Jocelyn McCauley says she wasn't thinking about anything when she crossed the finish line of the Ironman New Zealand 2017 race, finishing first place in the women's division.
In fact, it wasn't until race announcer Mike Reilley said, "Here comes your Ironman New Zealand female champion," that McCauley says she began to believe she was going to win this grueling test of will and athletism.
But when she crossed the finish line on March 4, completing her 2.4-mile swim, 112-mile bike, and 26-mile run in a little over nine hours and nine minutes and likely qualified for the Ironman World Championship as a professional, McCauley knew she had fulfilled a childhood dream.
In kindergarten, McCauley remembers drawing a picture of herself running around a track at the Olympics. Even at such a young age, her dream of competing in the Olympics wasn't unfounded.
In elementary school, McCauley would literally run laps around the boys and girls in her school. But her real competition was with her older sister. When McCauley's sister joined a cross country team in jr. high, McCauley did the same, but not because she wanted to follow in her sister's footsteps.
"I obviously had to run cross country in jr. high because I had to beat her," McCauley says. "We were very competitive against each other."
And McCauley's competitive drive paid off. After running high school cross country, McCauley was accepted to BYU with a running scholarship and later ran for the University of Cincinnati while completing a master's of science degree in exercise physiology.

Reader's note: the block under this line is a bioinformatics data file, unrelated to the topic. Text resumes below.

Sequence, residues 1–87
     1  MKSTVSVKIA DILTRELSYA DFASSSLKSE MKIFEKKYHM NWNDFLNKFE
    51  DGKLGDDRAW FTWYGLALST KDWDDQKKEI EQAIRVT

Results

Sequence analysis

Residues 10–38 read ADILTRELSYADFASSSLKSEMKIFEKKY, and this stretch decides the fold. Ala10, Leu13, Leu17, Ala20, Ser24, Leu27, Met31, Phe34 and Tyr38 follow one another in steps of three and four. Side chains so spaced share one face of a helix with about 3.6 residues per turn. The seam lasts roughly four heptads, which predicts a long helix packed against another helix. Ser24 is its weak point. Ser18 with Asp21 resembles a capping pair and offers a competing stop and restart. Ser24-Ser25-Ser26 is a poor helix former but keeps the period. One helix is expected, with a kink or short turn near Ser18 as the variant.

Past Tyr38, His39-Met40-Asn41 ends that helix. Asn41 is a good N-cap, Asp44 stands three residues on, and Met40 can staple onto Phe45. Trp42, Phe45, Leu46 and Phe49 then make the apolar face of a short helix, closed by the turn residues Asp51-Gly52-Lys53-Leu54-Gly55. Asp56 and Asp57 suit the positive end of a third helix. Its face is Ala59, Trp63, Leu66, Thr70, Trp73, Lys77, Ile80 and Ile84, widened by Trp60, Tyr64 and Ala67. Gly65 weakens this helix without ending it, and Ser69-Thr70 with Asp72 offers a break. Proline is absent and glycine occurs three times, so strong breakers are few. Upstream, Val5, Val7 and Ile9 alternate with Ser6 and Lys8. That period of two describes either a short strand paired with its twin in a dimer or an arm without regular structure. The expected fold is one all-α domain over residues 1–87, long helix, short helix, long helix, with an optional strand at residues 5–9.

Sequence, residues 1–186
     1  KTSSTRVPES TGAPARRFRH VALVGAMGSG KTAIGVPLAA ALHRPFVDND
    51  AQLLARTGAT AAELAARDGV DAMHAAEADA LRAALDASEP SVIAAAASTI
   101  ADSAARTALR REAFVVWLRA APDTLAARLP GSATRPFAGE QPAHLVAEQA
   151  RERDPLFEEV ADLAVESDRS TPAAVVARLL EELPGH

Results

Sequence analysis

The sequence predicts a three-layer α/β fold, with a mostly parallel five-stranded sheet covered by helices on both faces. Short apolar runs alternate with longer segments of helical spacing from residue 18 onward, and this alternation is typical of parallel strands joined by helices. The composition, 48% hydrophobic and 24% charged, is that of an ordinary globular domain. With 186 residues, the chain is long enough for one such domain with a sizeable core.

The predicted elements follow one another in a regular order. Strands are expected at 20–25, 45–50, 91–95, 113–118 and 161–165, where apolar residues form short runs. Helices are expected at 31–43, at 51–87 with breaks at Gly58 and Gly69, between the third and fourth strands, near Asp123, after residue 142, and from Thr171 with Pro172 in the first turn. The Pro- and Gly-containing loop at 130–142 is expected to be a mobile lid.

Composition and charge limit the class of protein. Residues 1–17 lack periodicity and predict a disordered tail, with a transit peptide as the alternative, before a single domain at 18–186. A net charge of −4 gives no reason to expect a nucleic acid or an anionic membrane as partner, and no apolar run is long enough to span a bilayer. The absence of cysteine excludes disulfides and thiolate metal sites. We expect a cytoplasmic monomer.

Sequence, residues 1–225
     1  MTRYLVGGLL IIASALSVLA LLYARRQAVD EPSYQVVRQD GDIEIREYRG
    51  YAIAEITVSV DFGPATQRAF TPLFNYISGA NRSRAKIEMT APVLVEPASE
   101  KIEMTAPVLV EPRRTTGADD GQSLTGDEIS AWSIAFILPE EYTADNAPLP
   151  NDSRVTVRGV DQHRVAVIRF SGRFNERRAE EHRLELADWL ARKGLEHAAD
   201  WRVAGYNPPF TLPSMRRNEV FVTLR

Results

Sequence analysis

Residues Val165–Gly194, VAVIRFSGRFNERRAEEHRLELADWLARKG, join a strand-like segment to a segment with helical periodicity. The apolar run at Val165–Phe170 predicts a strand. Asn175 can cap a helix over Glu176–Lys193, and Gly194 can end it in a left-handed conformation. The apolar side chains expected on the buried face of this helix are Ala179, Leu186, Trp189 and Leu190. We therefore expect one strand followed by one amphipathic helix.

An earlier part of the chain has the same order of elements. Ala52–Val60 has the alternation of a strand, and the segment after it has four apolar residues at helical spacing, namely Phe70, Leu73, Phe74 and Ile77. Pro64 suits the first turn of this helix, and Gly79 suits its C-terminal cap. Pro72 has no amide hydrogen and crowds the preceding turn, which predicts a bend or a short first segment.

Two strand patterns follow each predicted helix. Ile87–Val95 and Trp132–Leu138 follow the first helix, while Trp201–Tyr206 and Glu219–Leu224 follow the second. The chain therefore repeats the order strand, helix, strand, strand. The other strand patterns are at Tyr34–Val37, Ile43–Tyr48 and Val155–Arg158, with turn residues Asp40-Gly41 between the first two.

And though as she grew up, McCauley became less competitive with her older sister, she decided to try something new—compete in a half Ironman race with her sister and share in the triathlon experience.
"We have a text message thread that we call 'Iron Ladies,'" McCauley says. "That's just what brought us closer together."
But not long after she began her training, McCauley found out she was pregnant with her first child and her due date would come before the half Ironman.
Determined to continue with her first half Ironman, even while pregnant and with a busy schedule studying to be a nurse, McCauley trained indoors for the race.
"I literally had a book on the front of my bike and I would be reading my textbook as I was biking," McCauley says. "I would have flashcards and I would go through them as I ran on the treadmill."
And a little more than 11 weeks after giving birth to her daughter, McCauley competed in her first half Ironman race and even met her goal of finishing it in under five hours with a time of 4:58.
McCauley running during the 2017 Ironman New Zealand race
From there, McCauley moved on to training for a full Ironman in Texas in 2014. But this time, not only did she take first place in her age division, but she qualified as an amateur racer for the world championships, a prestigious event in the Ironman races where only the best of the best compete.
"People trained for years and years and years to be able to go, and I just feel, I don't know, ungrateful to turn down that opportunity so we decided as a family to go do it," McCauley says.